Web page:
Local Network Traffic Fails Until External Connection

Posted on 2005-04-20
Last Modified: 2010-08-05
This is one of the strangest things I've seen.

I have two machines running Windows Server 2003 at our colocation facility connected through a brand new Netgear switch. (I just changed the switch because I suspected it was responsible for the behavior I am about to describe.) One machine is our web server, the other is our database server. They are both accessible through RDP. They are both located behind a firewall which is doing NAT.

I started investigating this problem when the code I was running on the web server was having intermittant connection problems connecting to the database server.

Here is the scenario: I log on using RDP to both machines. I open a command prompt and setup a perpetual ping to the other machine using their local addresses. ping -t on one machine and ping -t on the other machine.

Everything looks fine. The pings reply with zero packet loss. I log off of both machines, leaving the ping command running. I continue testing my app. After a while, my app on the web server is unable to connect to the database. I log back on to the database machine, and see that the command prompt shows that the pings are failing. However, as soon as I have logged back on, the pings start succeeding again, and everything works again.

So it looks like connecting to the machine from the outside world somehow solves the local network problem. I have no clue why this would be, but those are the results as I see them.

Do you have any idea what is going on? Obviously this is an unacceptable situation and needs to be resolved, but I don't know how to proceed.

I have replaced the switch. Now I am considering replacing the network card, but I don't have any evidence that the card is the culprit.

Thanks for your help.


Question by:molson8472
    LVL 10

    Expert Comment

    Do both machines have the same subnet mask applied (i.e  Do they match the gateway device (firewall) subnet mask?  What type of firewall/router is in place?  Are there any proxy-arp features enabled?  Are there any other systems on that network segment?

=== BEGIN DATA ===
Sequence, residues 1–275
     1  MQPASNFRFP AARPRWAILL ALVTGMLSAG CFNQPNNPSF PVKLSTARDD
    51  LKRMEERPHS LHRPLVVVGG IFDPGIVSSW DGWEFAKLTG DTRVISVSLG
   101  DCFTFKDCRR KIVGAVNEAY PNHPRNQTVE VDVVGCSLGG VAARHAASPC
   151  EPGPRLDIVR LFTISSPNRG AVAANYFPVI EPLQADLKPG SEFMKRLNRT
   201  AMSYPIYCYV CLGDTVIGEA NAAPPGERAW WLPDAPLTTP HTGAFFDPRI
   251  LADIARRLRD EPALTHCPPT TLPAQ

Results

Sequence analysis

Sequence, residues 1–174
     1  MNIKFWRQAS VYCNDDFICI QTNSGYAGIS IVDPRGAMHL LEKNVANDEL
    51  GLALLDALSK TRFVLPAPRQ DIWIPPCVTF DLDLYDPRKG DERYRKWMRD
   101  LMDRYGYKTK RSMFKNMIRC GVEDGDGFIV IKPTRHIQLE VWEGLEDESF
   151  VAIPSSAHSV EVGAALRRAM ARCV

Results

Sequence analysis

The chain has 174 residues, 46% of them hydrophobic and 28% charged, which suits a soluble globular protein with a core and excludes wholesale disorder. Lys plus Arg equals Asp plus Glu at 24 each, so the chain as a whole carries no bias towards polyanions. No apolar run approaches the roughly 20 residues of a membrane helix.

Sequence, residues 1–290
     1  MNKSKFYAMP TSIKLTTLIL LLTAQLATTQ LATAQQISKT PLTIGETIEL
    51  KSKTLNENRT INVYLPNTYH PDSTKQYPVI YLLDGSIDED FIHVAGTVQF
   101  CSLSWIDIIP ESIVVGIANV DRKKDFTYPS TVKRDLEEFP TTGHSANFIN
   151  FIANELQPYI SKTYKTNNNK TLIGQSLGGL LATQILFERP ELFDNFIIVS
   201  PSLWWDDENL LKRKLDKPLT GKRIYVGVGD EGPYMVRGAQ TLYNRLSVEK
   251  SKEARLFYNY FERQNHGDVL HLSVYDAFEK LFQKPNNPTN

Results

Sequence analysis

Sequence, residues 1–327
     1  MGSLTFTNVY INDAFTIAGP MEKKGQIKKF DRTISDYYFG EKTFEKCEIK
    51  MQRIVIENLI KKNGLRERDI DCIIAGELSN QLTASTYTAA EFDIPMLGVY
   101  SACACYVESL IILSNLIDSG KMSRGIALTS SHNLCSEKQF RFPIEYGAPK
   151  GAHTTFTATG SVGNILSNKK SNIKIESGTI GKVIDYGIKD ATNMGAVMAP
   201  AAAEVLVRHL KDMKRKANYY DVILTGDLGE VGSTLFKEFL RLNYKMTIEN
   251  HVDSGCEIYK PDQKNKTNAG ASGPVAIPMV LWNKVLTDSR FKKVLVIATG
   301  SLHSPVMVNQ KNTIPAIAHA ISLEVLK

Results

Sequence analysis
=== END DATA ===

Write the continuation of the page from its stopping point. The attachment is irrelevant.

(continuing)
This sounds like an arp problem.  On each server, try setting up a static arp entry to the other server:

    (on server
    arp -s <mac-address>


    (on server
    arp -s <mac-address>

    You can get each machines' MAC address from an 'ipconfig /all' command.

    Author Comment

    Thanks for your reply ruddg.

    Both machines are on the same subnet -- They both have the same default gateway --, which is the firewall, a Cisco PIX 501.

    To be honest, I don't know if there are any proxy-arp features enabled. I didn't make any arp configurations on the PIX, so it is using the defaults as far as that is concerned.

    There are three other machines on the same subnet. I haven't done a detailed investigation into whether they are having the same issue. So far the only two machines I've needed to talk to each other are the ones in question.

    At first, I had these machines plugged directly into the integrated switch on the firewall. My theory was that the pix was dumb and needed for there to be an xlate for it to keep track of ips and mac addresses on its switch, so out of desperation i put in a small netgear switch, to which this machines are now attached, but I'm having the same problem.